- Eliud Kipchoge broke the Marathon World record in a time that’s hard to describe
- Our job is to describe sports things, though, so we have to give it a shot
- I don’t think Malcolm Gladwell can maintain this pace for a mile
Taking a bit of a break from strict sports betting content, we’ve decided to turn SportsBettingDime in the direction of an achievement we’re having trouble reckoning with: Eliud Kipchoge’s marathon.
Eliud Kipchoge Breaks Marathon World Record
If you didn’t hear, Kenyan marathon legend Eliud Kipchoge broke the marathon world record last weekend at the Berlin Marathon. Here’s a quick video, in which he runs away from the fastest marathon field in the world:
It’s a huge day for marathoning, and the numbers around it are kind of crazy. Kipchoge’s time only gets more impressive the more you think about it, so let’s do just that.
How fast is 2:01:39?
Briefly, it’s crazy fast.
Kipchoge averaged a 4:38 mile on his run, and if you can run one 4:38 mile, please send a video to us on twitter and we’ll get you a free bet or something.
Interestingly, it’s probably faster than Malcolm Gladwell can run, so instead of challenging 270-pound public school administrators to beat him in the mile, he should try and top this.
In fact, it helps to scale that down, and see how long you could hang with Kipchoge. Here’s what that pace works out to, on some smaller distances:
Most athletic men can run a 17-second 100m. A 34-second 200 is starting to be a stretch, a 69-second 400 is mildly gut-busting, and from there you’re looking at some dedicated training in order to maintain that pace.
That’s all in comparison to the average runner. It’s when you start comparing Kipchoge’s pace to other elite marathoners that things get crazy.
The previous marathon world record was run by Dennis Kimetto at the 2014 Berlin Marathon. He ran 2:02:57, improving on Wilson Kipsang’s time of 2:03:23 at the 2013 Berlin Marathon.*
Here’s two stats that really impress the scale of Kipchoge’s achievement:
- The last time the Marathon World Record was improved by this much (1 minute, 18 seconds) was in 1967
- Kipchoge was 3 seconds per mile faster than the previous world record.
If you improved your pace on your morning run by three seconds, you’d be within your rights to pat yourself on the back. Kipchoge did that to the world record. Even as compared to other record breaking performances, Kipchoge’s stands out.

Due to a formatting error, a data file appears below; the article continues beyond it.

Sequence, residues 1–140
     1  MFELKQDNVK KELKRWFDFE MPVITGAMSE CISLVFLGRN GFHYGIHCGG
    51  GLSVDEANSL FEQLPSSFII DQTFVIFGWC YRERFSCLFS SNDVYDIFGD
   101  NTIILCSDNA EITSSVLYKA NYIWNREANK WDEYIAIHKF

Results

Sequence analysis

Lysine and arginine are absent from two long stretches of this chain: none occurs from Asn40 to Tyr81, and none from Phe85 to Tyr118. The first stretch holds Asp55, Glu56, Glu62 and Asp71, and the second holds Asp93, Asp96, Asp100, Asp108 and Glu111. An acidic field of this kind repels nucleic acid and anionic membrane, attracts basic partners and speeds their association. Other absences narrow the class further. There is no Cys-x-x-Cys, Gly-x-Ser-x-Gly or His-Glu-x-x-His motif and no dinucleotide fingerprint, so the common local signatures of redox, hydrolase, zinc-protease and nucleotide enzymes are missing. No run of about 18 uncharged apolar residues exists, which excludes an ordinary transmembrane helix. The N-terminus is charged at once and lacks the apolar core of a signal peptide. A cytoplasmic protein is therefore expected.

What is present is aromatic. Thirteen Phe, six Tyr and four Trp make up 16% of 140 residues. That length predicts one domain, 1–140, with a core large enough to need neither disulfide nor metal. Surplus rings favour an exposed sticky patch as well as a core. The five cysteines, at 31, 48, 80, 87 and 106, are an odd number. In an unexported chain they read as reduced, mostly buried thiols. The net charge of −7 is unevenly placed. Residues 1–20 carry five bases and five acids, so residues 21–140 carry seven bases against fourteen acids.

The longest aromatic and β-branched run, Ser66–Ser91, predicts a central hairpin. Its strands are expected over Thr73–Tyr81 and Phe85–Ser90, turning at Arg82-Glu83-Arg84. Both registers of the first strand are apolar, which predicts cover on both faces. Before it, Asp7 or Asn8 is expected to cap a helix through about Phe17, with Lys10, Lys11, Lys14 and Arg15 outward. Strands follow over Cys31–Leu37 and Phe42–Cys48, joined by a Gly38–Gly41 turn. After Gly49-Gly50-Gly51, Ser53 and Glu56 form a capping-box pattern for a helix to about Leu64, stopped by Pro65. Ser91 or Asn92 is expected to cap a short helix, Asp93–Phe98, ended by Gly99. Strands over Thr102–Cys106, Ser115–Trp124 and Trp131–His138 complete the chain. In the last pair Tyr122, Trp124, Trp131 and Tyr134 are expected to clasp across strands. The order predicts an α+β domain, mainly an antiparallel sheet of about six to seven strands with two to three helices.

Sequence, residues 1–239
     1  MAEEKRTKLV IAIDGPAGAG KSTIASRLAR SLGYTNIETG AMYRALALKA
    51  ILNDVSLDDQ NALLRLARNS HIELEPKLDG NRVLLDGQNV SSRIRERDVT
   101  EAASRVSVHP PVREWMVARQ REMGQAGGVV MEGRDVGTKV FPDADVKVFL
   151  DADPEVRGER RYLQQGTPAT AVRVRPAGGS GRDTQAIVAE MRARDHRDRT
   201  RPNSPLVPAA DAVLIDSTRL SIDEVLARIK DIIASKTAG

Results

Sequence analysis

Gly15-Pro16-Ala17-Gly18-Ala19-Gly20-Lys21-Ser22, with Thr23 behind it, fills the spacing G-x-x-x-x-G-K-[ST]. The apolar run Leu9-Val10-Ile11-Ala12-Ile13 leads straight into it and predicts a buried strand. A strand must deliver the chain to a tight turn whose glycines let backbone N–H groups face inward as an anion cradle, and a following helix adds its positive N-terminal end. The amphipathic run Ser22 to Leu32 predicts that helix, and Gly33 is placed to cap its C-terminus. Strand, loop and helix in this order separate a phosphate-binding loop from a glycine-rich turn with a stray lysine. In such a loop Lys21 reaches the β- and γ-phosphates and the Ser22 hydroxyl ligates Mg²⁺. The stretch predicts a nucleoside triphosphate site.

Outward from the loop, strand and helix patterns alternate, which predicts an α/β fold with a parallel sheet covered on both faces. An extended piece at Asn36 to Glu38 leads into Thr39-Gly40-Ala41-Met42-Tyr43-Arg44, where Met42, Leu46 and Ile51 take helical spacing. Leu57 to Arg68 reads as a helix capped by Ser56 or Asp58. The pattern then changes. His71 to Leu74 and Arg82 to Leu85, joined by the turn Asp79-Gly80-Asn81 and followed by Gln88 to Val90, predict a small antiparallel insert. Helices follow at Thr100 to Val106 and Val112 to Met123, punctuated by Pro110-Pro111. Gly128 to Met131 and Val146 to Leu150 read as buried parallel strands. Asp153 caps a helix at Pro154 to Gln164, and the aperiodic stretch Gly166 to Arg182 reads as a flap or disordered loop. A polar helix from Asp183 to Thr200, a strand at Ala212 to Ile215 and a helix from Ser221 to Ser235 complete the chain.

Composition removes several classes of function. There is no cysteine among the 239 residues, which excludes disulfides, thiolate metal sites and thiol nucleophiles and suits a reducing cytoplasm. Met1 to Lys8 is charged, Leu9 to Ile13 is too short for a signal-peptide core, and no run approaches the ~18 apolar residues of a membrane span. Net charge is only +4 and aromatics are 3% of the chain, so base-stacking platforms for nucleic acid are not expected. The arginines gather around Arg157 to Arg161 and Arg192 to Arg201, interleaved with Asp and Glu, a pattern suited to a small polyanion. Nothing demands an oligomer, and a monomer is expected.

If you’re noticing a pattern, yes, the Berlin Marathon is the place to run a world record marathon. The last seven world records at the distance have been set there, stretching back to Paul Tergat in 2003.
Is it the Shoes?
The first question you’re going to hear is about the shoes Kipchoge wore.
Specifically, the Nike Zoom Vaporfly 4%, which Nike developed for their no-holds-barred attempt at the 2-hour marathon. Those shoes claim to improve a runner’s efficiency by 4%, which would account for more than the difference between Kipchoge’s time and Kimetto’s.
Here’s a video about Nike’s completely lawless attempt at breaking two hours:
Alright, you might say, but that 4% improvement number comes from Nike, and Nike’s in the business of selling shoes. You can’t trust Nike!
And, sure, that’s a valid point. You can’t trust Nike, but you can (sort of) trust the New York Times, and you can (sort of) trust Strava. The NYT dug into the Strava data of marathoners, they found that the Vaporfly’s did make about a 1% difference in marathon times.
And yes, when you plug that 1% into Dennis Kimetto’s time, you do see something very similar to Kipchoge’s time.
So, was it the shoes? Answer: Maybe!
Is a 2-hour Marathon Possible?
The question on everyone’s mind: is a 1:59:xx marathon even possible?
There’s a couple ways to think about this question. Firstly, you can think that human performance is without limits, and that one day, eventually, someone will come along and smash the two-hour barrier, as well as every other barrier. The second way is to think that human performance is asymptotic, which means that there is a limit and that people like Eliud Kipchoge keep nudging us closer and closer to it.
I’m more prone to the second approach, because I don’t believe a one-hour marathon is possible. The limit has to exist somewhere, but where is it?
In the literature, as always. An anesthesiologist* at the Mayo Clinic, Michael Joyner, wrote a paper examining exactly this question in 1991. He estimated that an athlete with a VO2max of 84 mL/kg/min and a threshold pace of 85% (both high, but probably achievable) could run a 1:57:58 if they were exceptionally efficient. That’s before the shoes, and leaves enough time for this hypothetical runner to listen to Blur’s “Song 2.”
*This is, of course, not what anesthesiology is about, but having met several gas-passers, I can report that it’s best to keep them occupied.